MSc Archaeological Prospection - Shallow Geophysics
- Working as an Archaeological Geophysicist
One of the main reasons Archaeology graduate, Jimmy Adcock chose to study the MSc Archaeological Prospection - Shallow Geophysics at Bradford was due to its strong reputation in the world of geophysics.
"I work for a company that's based on the outskirts of Bradford. So, I came for one year and ended up staying for... we we're up to 10 now I think. And we are Archaeological Geophysicists which means that we map what's under the ground, but without doing any of the digging. So we tell archaeologists where to dig.
"It's something that's developed over the last 40 years or so. And actually Bradford was at the forefront of that, the University. They had a Physics Department which became an Archaeology Department - and that's quite a side step. But they recognised that these scientific techniques that were emerging could be used and applied to archaeology, whereas before they'd been applied to perhaps geological surveying, other techniques... and then brought those together and started offering these scientific courses. So really it is in the last 30 years, and probably in the last 25 or so it's really been used a lot for commercial work as opposed to just academic research.
"I chose the University of Bradford because the course it offered is fairly unique in archaeology. I had done done Geophysics as an undergrad, and that trained me to work in the oil industry but my real interest was using it for archaeological sites and there's only a very small number of places that offer that, and Bradford is one of them. And in fact Bradford was the first place to do scientific degrees for archaeology rather than having it as an art. And so having looked into the different places I could go, Bradford seemed the obvious choice.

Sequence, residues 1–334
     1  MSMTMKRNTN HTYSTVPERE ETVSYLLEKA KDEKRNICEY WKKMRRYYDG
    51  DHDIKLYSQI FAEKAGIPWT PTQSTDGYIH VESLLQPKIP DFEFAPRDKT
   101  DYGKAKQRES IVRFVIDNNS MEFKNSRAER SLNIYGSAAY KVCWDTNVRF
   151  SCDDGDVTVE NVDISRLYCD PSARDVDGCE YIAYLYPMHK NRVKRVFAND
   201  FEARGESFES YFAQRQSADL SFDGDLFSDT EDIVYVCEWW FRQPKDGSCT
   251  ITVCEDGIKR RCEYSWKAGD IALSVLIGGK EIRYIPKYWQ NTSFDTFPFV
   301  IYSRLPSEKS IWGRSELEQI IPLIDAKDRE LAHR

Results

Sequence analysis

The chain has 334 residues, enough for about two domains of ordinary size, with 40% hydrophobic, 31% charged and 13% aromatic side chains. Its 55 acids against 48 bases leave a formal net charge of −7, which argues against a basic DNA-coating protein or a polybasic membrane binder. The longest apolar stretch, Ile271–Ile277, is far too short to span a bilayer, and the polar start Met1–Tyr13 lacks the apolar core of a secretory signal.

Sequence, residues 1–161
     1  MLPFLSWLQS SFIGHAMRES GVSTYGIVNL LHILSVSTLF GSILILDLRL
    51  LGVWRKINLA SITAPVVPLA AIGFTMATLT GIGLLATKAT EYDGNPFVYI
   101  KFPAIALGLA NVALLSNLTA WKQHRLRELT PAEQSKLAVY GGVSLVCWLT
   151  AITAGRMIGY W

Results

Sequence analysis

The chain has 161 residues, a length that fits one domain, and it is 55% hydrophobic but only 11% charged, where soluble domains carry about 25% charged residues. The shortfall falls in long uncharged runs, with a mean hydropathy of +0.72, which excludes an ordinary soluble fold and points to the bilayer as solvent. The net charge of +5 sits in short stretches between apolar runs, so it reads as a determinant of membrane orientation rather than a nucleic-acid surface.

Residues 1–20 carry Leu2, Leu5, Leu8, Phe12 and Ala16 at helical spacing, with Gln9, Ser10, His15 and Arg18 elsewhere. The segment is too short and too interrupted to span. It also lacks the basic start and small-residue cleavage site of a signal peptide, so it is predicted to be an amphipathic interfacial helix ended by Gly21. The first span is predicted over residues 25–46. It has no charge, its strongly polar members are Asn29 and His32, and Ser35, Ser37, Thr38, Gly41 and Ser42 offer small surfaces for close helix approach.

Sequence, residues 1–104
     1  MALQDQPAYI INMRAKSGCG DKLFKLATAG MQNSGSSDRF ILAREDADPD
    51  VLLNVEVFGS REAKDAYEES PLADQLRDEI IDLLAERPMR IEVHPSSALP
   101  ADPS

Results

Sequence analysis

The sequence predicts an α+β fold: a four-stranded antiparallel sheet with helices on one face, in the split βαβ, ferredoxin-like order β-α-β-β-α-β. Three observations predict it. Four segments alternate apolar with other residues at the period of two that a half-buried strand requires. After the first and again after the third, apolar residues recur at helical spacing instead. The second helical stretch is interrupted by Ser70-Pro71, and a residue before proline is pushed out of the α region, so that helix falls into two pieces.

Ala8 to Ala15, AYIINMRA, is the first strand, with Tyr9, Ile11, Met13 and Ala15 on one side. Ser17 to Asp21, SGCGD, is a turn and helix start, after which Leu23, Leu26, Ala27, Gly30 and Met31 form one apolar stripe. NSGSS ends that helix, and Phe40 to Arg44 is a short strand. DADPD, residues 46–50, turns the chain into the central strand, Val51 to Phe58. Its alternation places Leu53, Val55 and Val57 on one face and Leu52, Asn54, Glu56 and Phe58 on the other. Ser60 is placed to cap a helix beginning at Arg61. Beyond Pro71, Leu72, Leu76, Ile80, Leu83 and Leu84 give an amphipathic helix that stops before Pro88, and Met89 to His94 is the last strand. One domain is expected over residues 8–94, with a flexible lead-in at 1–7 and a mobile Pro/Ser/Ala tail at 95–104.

"A bit intrepid coming up north, but it was brilliant. I mean, a really friendly campus was I think the thing that struck me as soon as I got there. Much smaller numbers than the university I'd been to previously. So, it sort of felt like there was a more friendly atmosphere I think.
I finished the Master's degree and it's very highly thought of amongst archaeological geophysics firms because it really is key to what we do - I mean what we learn on the course is what we use in our everyday work, and so I was able to apply to GSB and with my Master's behind me and my undergraduate degree and actually get in here as just a junior surveyor, where I'd go out and be doing the real basic stuff of setting out grids to survey. And then slowly started to learn the commercial side which is slightly different to the academic side. And then I've worked my way up now to be a Senior Geophysicist and help out with the management of the company as well as the actual data collection. I think there's probably two main reasons for choosing Bradford. And one of them is fairly generic and the other one is sort of specific to archaeology.
"The generic side is that it's a sort of quite close-knit campus, or it certainly was when I went through there, and you felt that... you'd bump into people all the time that you knew, you didn't feel part of this massive body of students, even though it is still quite a large institution. And everyone who was there was friendly, everyone was there to help- and I really felt at home as soon as I got there. And then from the archaeology side I think the department has such a long history of offering this scientific side rather than just the arts side, so you can come away with a BSc or an MSc in Archaeology.
"It has a real strong practical input from the commercial side, and it does some great research as well. And to actually be a part of that, you know, it's got a strong name in the field of archaeology and that's worth a lot."